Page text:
“A really strong show can be difficult to accomplish for graphic designers since studio art is usually more appealing in the context of an art show,” she said.

Despite these difficulties, Gilstad said she had several favorite pieces for Williams’ show.

“I really like her “to write love on her arms” series because it’s for a good cause,” she said. “Also, I like the ‘keep living’ shirt which is a part of the series because it’s a reminder to keep going even when things get tough,” Gilstad said.

Williams also shared some of the stories behind her favorite works.

“My favorite pieces are a shoe campaign I did called “Daphne’s Shoes” and a suicide awareness campaign for the organization To Write Love on Her Arms. The shoe ads are heavily influenced by Roy Lichtenstein, who is one of my favorites. Plus I just love shoes! The other campaign is really important to me because I love the organization To Write Love on Her Arms. I also won an ADDY this year for it, which was super exciting and I didn’t expect it at all.” Williams said.

She also discussed one of her successful projects which played only during the opening night.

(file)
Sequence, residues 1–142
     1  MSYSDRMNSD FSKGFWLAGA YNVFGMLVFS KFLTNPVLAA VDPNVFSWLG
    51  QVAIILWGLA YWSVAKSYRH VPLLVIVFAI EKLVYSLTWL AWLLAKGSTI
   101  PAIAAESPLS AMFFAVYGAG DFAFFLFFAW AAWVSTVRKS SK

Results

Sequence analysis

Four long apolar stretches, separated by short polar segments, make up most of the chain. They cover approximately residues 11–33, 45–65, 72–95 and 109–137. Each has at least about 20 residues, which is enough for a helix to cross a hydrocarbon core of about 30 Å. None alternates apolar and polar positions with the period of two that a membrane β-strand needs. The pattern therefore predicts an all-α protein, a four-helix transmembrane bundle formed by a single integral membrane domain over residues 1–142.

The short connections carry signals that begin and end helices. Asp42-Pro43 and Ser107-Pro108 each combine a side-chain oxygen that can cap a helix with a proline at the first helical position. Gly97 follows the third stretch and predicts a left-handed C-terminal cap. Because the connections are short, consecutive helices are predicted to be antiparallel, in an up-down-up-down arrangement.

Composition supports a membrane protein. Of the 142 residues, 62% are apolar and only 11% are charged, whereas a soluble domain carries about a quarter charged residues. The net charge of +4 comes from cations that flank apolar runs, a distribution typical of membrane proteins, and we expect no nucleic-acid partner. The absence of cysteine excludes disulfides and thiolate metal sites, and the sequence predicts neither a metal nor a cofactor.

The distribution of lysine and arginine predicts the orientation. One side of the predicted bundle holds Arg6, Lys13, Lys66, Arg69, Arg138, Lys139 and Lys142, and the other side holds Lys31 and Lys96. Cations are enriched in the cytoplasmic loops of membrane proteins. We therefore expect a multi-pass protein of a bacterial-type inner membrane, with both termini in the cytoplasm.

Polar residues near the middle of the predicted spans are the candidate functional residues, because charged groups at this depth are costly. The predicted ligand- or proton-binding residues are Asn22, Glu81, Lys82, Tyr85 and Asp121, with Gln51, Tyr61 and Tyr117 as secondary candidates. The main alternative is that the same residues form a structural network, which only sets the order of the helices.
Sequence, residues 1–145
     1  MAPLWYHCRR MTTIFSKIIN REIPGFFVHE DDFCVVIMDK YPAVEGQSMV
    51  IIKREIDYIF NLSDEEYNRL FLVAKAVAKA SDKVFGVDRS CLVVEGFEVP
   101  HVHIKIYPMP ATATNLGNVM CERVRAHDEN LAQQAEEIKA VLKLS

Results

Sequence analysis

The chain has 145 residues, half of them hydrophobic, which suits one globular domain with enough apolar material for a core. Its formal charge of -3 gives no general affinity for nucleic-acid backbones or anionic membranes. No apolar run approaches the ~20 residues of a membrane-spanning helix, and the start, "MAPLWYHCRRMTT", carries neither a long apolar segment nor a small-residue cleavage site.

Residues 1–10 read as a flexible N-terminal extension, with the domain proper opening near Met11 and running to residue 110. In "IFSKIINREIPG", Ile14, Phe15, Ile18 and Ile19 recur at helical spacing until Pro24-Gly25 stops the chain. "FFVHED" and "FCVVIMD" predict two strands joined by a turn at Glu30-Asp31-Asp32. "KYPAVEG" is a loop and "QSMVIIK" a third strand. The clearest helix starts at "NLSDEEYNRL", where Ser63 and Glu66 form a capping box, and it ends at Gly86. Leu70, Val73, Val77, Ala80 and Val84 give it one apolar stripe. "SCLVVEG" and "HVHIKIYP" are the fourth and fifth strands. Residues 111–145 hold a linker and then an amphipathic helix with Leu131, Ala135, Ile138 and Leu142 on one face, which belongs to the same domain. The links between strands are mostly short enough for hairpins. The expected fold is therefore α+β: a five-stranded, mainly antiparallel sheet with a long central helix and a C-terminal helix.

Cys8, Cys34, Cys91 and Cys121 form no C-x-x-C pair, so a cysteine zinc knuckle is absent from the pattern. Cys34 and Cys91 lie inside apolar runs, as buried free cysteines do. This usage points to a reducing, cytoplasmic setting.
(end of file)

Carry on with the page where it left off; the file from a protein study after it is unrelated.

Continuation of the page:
“My “Demanding Joy” project went really well. I built a slideshow to play throughout the opening and I’m excited about it. It looks nice and there are a lot of people who were able to be part of it.”

Gilstad explained how much work Williams put into the show.

“Emma prepared by coming up with a theme, actually making the working, figuring out where it’s going to hang, printing labels, business cards, setting up stands, picking out music, planning the food, actually making the food, framing… the list goes on and on.”

Williams offered details.

“A lot of preparation was creating a visual identity for myself, making a playlist because I’m heavily influenced by music, and also my project “Demanding Joy” started last semester and there was a lot of time that went into that.”